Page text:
The Instructional Programs and Curriculum are Fatally Flawed

By Guest Writer: Jill Jackson
Imagine this: You are a teacher who shows up to professional development at the beginning of the school year and are told that the district has chosen the new English Language Arts/Math/Science/Art/P.E. program after a year-long pilot.  (I use the word “pilot” very loosely because typically the curriculum pilots have nothing to with the results of using those materials, but whether the teachers liked the materials or not. So subjective.)
You have three hours for an open-the-box training which is where a sales rep from one of the big publishing houses (Pearson, McGraw-Hill, Houghton Mifflin Harcourt, etc.) basically holds up one of 100+ resources in your 20+ boxes and says, “Here it is.”  And then your curriculum director gets up and says one of two things, depending on her philosophy on using programs:
“You will follow this with fidelity.” This means that you will teach this as it is written.  With a well-written program, fidelity isn’t such a bad idea because it means that teachers have more time to spend thinking about how they will teach the lesson (this is the art of teaching). They can focus on the delivery of the lesson because the lesson has been designed for them.
“You will pick and choose the right activities in this curriculum for your students.” This means that teachers will use the curriculum as a menu of options.  This is inherently flawed because there is little continuity between classrooms on which is, in fact, the best resource to use this week and there is little consensus from classroom to classroom on what kids actually need.  In the end, most teachers will pick what they like, but that could be far off from what their students need.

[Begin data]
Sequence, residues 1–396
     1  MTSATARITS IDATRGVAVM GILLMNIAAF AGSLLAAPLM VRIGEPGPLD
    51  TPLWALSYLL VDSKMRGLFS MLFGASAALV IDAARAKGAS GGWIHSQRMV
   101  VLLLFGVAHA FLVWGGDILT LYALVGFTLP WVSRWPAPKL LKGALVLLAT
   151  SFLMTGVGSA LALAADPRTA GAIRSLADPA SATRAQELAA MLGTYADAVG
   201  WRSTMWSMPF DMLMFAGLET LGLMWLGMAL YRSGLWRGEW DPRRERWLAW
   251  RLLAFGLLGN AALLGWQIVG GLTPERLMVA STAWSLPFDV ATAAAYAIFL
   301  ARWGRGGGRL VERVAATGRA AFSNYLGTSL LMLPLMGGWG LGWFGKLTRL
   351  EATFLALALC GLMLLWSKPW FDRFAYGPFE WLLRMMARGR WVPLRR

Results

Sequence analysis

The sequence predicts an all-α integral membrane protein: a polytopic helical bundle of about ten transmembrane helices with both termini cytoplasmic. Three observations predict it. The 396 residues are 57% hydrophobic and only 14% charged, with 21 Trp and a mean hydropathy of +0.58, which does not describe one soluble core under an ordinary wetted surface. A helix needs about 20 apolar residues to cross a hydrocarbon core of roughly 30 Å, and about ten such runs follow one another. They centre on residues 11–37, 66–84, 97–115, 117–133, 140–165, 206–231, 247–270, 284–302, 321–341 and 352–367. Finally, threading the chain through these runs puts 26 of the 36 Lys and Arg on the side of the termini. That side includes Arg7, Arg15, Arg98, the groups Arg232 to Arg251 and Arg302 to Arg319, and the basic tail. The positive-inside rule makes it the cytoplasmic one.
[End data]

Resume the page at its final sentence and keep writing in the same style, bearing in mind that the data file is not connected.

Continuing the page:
So…we have an implementation conundrum.
But even deeper than that, we have flawed materials that, even if a teacher implemented a program with fidelity, most of his or her students wouldn’t reach the grade-level benchmark.
Wait…so even a “perfect” implementation of one of the major programs could result in little growth in students?
Yes.  Just look at the NAEP results.  Scores are LOWER in 2019 than 2017 and only one state improved their scores…albeit marginally.  This is a failure of epic proportions and we’re just here, doing the same thing over and over again.
Teachers are working their tails off, they are teaching every day. Students are in the classrooms receiving the instruction from the umpteen materials the teachers were given. Click To Tweet
And it’s not working.
There are some weak ways to explain why the teaching isn’t working:
Kids these days are different
We are competing with technology to get and keep their attention
Standardized testing is flawed and not showing what students really know
Parents protect their kids and the teacher’s hands are tied when it comes to discipline
But I don’t buy any of these things.  Why?  Because teachers are teaching and students are learning.
They’re just not learning the right stuff at the right grade level intensity.  And they’re not learning the right stuff because it’s either not in the programs or the programs are so poorly written that teachers and students don’t have a chance to learn and have the skills stick.
The programs can be poorly written in that they don’t have the correct skills for students to master, but can also be poorly written because the teachers don’t stand a chance to actually teach the stuff because it is so complicated!
Take, for example, Engage NY.  It is a free curriculum plan for ELA and Math that is popular with school districts.  Lots of teachers are using it.  The first module has 653 pages for the teachers to study, learn, plan and execute.  SIX HUNDRED FIFTY-THREE PAGES FOR THE TEACHER TO CONSUME!  For one subject area?  If a lesson plan is a roadmap to teaching, then this roadmap leads to nowhere…to much overwhelm, too little restraint and too many skills introduced to lead to mastery.